Addition by subtraction is the name of this game. Like most of us, my brain is flooded with ideas and anxieties heading into a new school year. So, as a general practice, I like to start the new year by identifying limiting beliefs that are cluttering my brain space. How do I define limiting beliefs for Latin teachers? I define a limiting belief as any belief that inhibits my ability to make quality decisions for my students and myself. Here are some beliefs that I plan on purging before my first day of classes.
I need to prepare my kids for…
I can honestly say, that I have never made a decision, that I’m proud of, based on the desire to prepare my kids for a standardized assessment, some future class, some future or some future teacher. I am under no pressure other than to be the best possible teacher for my kids, so there is no reason for me to invent inappropriate external benchmarks.
I need to spend lots of time prepping materials to be a good teacher.
I need to show up, be present, and provide meaningful input for my students. They won’t mind if I don’t stay up until 4am re-formatting a document or color-coding their stories by theme.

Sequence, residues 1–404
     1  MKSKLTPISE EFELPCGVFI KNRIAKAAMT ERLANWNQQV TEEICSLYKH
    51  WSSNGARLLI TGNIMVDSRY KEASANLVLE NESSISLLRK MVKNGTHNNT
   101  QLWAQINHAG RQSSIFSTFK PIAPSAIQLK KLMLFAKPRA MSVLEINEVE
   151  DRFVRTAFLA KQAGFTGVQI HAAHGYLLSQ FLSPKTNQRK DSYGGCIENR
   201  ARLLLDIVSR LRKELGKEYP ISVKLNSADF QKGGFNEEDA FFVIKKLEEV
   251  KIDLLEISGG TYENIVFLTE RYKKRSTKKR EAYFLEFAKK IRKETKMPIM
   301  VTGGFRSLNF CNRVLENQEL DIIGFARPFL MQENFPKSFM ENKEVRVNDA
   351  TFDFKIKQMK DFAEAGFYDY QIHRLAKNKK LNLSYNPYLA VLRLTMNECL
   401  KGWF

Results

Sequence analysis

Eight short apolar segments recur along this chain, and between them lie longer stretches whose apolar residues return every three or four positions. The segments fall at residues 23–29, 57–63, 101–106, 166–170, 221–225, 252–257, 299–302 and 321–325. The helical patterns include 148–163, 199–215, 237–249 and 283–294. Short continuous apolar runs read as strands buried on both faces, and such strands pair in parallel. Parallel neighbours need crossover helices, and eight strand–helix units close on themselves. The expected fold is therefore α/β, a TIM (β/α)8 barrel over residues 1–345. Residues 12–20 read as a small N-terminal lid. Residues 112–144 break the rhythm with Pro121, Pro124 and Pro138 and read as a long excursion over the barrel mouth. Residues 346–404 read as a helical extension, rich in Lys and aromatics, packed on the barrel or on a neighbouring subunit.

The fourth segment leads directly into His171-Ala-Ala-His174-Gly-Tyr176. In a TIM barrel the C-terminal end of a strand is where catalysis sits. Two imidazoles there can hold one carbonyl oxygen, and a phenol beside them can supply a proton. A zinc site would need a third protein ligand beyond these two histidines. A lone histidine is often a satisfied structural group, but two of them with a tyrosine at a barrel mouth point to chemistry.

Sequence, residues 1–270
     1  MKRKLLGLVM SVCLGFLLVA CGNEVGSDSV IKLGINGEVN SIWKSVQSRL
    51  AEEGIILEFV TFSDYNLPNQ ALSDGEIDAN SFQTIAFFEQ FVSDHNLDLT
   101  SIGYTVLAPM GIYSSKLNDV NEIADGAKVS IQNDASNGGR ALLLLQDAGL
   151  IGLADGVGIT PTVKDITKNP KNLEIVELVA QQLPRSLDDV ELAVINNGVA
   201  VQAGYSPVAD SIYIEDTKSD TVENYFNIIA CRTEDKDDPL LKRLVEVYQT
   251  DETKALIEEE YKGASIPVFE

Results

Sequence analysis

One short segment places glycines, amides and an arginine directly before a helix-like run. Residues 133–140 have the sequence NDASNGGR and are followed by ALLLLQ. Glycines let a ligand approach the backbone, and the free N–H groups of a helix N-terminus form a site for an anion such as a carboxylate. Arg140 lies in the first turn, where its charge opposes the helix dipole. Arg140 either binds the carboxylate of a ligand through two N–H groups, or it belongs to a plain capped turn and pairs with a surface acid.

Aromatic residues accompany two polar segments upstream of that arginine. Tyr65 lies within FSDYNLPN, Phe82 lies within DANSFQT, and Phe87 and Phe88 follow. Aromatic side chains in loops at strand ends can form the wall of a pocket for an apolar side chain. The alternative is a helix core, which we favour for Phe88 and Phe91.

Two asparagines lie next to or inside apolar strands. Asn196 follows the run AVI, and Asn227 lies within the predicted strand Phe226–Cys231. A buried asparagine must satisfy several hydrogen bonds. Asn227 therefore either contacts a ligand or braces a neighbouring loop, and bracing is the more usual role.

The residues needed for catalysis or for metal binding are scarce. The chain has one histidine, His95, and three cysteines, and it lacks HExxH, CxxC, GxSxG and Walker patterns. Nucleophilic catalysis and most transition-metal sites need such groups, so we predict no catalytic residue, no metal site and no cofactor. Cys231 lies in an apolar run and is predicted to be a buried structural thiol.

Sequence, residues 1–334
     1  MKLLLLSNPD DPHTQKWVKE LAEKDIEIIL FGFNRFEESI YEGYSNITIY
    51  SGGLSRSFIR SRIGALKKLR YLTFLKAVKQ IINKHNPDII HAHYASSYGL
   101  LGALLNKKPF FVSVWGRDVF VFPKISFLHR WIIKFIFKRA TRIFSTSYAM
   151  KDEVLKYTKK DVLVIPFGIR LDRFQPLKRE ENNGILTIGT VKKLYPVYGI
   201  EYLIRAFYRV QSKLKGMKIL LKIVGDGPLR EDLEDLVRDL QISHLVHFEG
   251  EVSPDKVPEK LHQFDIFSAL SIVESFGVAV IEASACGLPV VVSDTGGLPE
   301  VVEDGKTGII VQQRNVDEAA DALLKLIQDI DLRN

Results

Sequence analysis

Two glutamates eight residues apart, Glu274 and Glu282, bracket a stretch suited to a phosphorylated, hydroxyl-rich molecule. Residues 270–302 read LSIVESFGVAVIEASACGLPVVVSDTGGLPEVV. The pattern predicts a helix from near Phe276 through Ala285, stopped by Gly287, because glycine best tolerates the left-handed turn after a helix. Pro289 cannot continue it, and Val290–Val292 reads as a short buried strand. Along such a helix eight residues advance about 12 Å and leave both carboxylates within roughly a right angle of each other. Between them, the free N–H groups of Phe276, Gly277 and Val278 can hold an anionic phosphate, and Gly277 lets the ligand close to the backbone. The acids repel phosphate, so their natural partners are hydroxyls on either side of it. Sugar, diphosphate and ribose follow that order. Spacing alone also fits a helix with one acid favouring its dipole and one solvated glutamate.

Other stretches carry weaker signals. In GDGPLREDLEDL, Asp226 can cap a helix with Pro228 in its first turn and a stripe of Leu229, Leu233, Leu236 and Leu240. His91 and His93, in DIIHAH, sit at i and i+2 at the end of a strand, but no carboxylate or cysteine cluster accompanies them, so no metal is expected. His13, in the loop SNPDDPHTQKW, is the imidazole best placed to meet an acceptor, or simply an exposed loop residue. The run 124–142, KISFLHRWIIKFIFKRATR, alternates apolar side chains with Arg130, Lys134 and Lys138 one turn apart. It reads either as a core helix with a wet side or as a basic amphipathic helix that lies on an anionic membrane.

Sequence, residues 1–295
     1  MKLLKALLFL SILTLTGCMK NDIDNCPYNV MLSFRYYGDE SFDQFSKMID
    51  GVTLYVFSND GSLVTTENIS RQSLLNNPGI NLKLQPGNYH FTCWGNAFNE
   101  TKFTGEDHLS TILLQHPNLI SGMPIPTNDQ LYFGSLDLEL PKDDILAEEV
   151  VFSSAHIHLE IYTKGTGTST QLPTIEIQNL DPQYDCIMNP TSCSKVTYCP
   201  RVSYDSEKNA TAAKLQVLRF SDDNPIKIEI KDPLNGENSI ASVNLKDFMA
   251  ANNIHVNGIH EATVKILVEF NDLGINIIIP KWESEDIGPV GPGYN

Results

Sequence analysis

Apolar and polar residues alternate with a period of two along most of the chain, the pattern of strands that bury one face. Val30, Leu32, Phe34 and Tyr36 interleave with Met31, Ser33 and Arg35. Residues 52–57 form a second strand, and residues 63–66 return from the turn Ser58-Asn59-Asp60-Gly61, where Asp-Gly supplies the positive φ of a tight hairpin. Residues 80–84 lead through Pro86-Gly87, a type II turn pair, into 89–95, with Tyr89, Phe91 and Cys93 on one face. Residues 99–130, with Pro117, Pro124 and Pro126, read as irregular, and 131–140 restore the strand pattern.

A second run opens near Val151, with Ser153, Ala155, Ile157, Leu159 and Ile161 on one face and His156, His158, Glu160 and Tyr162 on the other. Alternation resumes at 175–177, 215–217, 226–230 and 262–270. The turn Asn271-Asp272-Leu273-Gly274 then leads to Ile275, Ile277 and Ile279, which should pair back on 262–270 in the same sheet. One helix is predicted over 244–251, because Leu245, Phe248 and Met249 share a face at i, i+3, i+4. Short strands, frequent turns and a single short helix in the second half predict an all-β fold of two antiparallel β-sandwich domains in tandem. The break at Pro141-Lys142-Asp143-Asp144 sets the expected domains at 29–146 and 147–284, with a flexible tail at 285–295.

I must silence the critics.
At this point, anything short of infants translating Tacitus into both literal and lilting English prose will NEVER impress the CI detractors out there, so there is no point in trying.
The purpose of learning Latin is…
There is no need to decide for our students why Latin is worth knowing. Latin is beautiful. My students will come to class with a variety of reasons for wanting access to Latin’s beauty. The class is about the kids and their goals, not mine.
But I want them to do it right!
Take a deep breath. Now take another one. If a student writes ego amat legit, they have clearly expressed IN LATIN that they like to read. Let that sink in. Now take another deep breath. Now smile.
What about Latinity!?
Who’s idea was Latinity anyway? This may not be a popular opinion, but my eyes glaze over as soon as I hear that word. Is the world somehow a worse place if I use the word meus instead of mihi when writing a story? Seriously! I am not going to waste hours of my life engaging in endless conversations about how to express the simplest ideas in Latin. The obsessive-compulsive nitpicking just isn’t worth it.
Comprehensible Input is not enough.
It is 🙂
– Magister Bracey